If you face this issue, one workaround would be to ask your minsu (guesthouse) to rent one for you, which may or may not work. On the smaller islands (for example ones you visit on a boat tour, with some time for explore by scooter), you should have no issue.

If you’d still like to drive but can’t rent a scooter, rent a car instead. For this, a credit card and IDP should be sufficient. It will also help you to stay out of the sun while moving around.

If you have two or more days in Penghu, I recommend spending at least one day touring the main islands by scooter or car, and spending your other day doing a boat island-hopping tour (see next entry) or other activities. If you don’t have a license, you can go by private tour like this one or this one.  

I’ll cover all the places to visit on your driving tour in the “things to do in Penghu” section below.

Island Hopping Boat Tours

Some tourists getting off a yellow and white boat and climbing a ladder down onto a white-sand beach in Penghu called Peng Peng Beach
Getting off the boat at picturesque Pengpeng Beach

If you want to visit some of the smaller islands in the archipelago, which include some of the most beautiful beaches in all of Taiwan, you’ll need to join an island hopping boat tour. These are generally full-day tours that include several stops and activities.

These tours vary quite a bit. Some like this one take you directly to one or more, where you rent a scooter and drive around on your own. Some like this one include activities like snorkelling at so-called “secret/paradise” locations. And some like this one include thrilling Taiwanese beach activities like getting pulled around on a “banana boat”, jet skiing (no, they won’t let you drive), and jumping off a platform or sliding down a slide into the sea (yes, you’ll have to wear a life jacket). Nighttime squid fishing tours are also popular among locals

Any hotel in Penghu can arrange you a spot on one of these tours. It’s a good idea to find out exactly what the tour includes and make sure that’s what you want. For those who get seasick, bring medication. And if you’re visiting when it’s really hot (which is most of the time in Penghu), these tours can be a long and tiring day.

I’ll be describing all of these tours and where they go in more detail in the “outer islands” section at the end of the article.

Snorkelling and other Water Activities

Two kids standing on the shore in Penghu and wearing wetsuits for snorkelling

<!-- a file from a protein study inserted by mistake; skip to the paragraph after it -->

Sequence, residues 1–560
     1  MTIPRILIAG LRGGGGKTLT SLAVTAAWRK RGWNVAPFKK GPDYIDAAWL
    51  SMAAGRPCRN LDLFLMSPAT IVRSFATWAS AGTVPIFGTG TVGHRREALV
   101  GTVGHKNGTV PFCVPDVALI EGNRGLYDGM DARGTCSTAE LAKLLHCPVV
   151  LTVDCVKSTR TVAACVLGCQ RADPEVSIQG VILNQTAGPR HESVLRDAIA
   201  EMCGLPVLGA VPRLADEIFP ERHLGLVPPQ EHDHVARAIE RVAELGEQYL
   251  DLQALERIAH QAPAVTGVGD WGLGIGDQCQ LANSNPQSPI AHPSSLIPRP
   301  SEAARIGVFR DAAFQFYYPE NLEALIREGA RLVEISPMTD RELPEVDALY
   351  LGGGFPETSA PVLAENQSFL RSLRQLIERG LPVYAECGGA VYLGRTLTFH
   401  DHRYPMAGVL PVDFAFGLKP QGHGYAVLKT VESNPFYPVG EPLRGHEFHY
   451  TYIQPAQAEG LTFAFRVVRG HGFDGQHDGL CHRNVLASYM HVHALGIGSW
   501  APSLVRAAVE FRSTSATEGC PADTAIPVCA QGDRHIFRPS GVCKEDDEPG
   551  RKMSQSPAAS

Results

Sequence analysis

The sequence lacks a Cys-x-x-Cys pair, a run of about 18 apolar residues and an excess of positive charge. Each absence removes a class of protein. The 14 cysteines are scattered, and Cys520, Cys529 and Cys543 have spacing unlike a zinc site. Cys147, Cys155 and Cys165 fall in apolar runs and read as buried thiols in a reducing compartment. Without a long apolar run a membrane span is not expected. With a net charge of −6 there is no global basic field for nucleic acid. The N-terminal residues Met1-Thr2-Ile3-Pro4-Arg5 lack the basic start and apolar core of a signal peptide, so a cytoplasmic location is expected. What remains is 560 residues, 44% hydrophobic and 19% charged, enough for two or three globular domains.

My kids just after snorkelling in Penghu

While some of the island hopping tours include snorkelling, the quality is not great. If you’ve never tried snorkelling before, it would be a good introduction to the activity. But if you have done it elsewhere, you may be disappointed.

On this snorkeling tour, you can mail a postcard from an underwater mailbox (actually, the instructor will do it for you, because it’s deep underwater). This one is also best for beginners.

This snorkelling and sightseeing tour includes one of the best snorkelling sites in Penghu, the so-called “Lavender Forest”. This one is NOT disappointing, but it still won’t compare if you’ve ever been snorkelling in, say, Australia or Indonesia.

Other water-based activities in Penghu include SUP, sailing, kayaking, and this overnight small island camping trip with snorkeling.

A beach in Penghu with people doing various water activities on it
Typical water activities in Penghu

Places to Visit in Penghu

Starting in Magong, we’ll then travel out of the city around Huxi Island (the “main island” where Magong is located, then to the three other main islands: Zhongtun, Baisha, and Xiyu, which are connected by bridges.

In the final section below, I’ll cover places to visit on the smaller islands of Penghu, which can only be reached by boat.   

Things to do in Magong

Magong is the capital city of Penghu and most of the county’s hotels and restaurants are situated there. Even if you aren’t staying in Magong, there are several worthwhile things to see and do there.

Penghu Tianhou Temple

A god statue beside the altar inside the Penghu Tianhou Temple (Penghu Mazu Temple)
Inside Taiwan’s oldest temple

Penghu Tianhou Temple (澎湖天后宮), also called Magong Mazu Temple, is widely considered Taiwan’s oldest temple. It likely dates to the 1400s, but was rebuilt in the 1500s and largely renovated in 1922. The temple is dedication to Matsu (Tianhou), goddess of fisherman and the sea. “Ma Temple” is the origin of the city’s name, “Magong”, and the city was built up around the temple.

The temple is free to enter and has a front, middle, and back section. There is protective scaffolding over part of the temple. The small lanes near the temple (see next entry) are worth exploring.  

Zhongyang Old Street

A girl with pink hair walking past traditional wooden houses on Zhongyang Old Street in Magong
My sister on Zhongyang Old Street, Magong’s most atmospheric street

The neighborhood around Magong Temple is the most atmospheric in the city. From the courtyard in front of Tianhou Temple, a narrow alley leads to Zhongyang Old Street (馬公中央老街), the most beautifully preserved lane.

The atmosphere is a bit touristy, but the lane is undeniably picturesque. Follow the lane to Four Eyed Well (四眼井), a centuries-old well with four distinctively round holes for collecting water.  Near the old street, have a look at 舊郵便局, a dark green Japanese-era post office building.

A sign that says Zhongyang Street in Mandarin and a sliding wooden door